StateImpact Oklahoma’s Logan Layden appeared on Oklahoma News Report to talk about poverty, which is at a 10-year high in Oklahoma. Layden and OETA’s Dick Pryor talked about the poverty trend and our recent story from Choctaw County, where things are particularly bad for young Oklahomans. If you missed the Friday broadcast or Sunday’s re-airing, you can watch the four-minute video.
Okla. tribal chief comments on casino controversy
A branch of the Muscogee Creek Nation that is seeking to build a casino in a Tulsa suburb hasn’t followed proper procedures that would allow for gaming on the site, the tribe’s principal chief said Monday. The Creek Nation hasn’t received an application from the Kialegee Tribal Town for a business lease from the Bureau of Indian Affairs or a request to the Creek tribal gaming commission to conduct gaming operations on a 20-acre site in Broken Arrow, Chief George Tiger said at a news conference. The land is owned by two sisters who are seeking to transfer their property to the Kialegees, but Tiger notes that the allotment falls under the Creeks’ jurisdiction. Kialegee Tribal Town, whose members are Creek Nation citizens, already has broken ground at the site and plans to erect a temporary facility until the permanent structure is completed. The proposed casino has drawn the ire of residents in Broken Arrow, Tulsa’s largest suburb, who have complained that the site is too close to a vocational-technology campus, a proposed daycare center and a church.
See also: Kialegees want something better from life from the Broken Arrow Ledger
Quote of the Day
If we really want to do what we say we want to do, which is safer neighborhoods, safer streets and safer communities, then we’re going to have to make decisions based on facts, not on emotions.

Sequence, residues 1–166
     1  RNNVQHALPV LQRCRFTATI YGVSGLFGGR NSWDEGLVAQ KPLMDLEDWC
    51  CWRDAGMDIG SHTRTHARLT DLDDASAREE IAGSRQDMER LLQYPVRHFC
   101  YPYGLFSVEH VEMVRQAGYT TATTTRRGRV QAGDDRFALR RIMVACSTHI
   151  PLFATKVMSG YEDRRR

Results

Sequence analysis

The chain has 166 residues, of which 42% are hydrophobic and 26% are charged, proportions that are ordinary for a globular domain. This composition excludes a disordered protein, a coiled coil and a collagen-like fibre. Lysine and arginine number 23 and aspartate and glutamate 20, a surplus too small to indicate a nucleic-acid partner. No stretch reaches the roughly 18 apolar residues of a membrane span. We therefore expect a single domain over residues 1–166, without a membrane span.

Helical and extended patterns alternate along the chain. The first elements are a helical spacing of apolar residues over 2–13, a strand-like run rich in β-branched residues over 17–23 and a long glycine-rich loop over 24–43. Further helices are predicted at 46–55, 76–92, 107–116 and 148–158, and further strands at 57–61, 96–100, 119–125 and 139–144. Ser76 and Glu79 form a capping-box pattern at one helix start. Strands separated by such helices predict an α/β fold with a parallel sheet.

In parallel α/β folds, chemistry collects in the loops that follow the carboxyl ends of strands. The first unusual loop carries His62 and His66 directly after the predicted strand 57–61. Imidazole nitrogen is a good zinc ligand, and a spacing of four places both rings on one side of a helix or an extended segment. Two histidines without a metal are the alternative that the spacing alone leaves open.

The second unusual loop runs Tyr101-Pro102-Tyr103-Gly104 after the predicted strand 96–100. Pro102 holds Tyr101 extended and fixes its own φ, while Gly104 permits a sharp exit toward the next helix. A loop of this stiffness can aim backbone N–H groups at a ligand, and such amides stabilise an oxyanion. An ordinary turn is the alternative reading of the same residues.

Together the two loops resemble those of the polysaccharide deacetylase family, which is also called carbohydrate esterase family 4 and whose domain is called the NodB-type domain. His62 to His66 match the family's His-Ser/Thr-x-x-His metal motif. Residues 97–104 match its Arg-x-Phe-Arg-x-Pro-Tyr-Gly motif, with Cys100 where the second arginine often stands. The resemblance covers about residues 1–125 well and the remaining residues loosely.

–House Speaker Kris Steele
Number of the Day
Percentage of deliveries in Oklahoma paid for by SoonerCare (Medicaid).
Source: Oklahoma Policy Institute
Inequality by the numbers
Martin Luther King Jr. was an outspoken advocate for the poor and less fortunate. At the time of his death, he was organizing a cross-racial Poor People’s Campaign that raised many issues still important today. Many Americans—particularly communities of color and young people—continue to lack access to economic opportunities and this must be addressed if we are to truly carry on Dr. King’s work. This by-the-numbers piece takes a look at how many Americans are still struggling to find a way out of poverty, find employment, and gain both health care and education not only for themselves but for their families. We will only realize Dr. King’s vision when every American has the chance to find a well-paying job, get health care when they get sick, and receive a quality education. The numbers below show much work remains.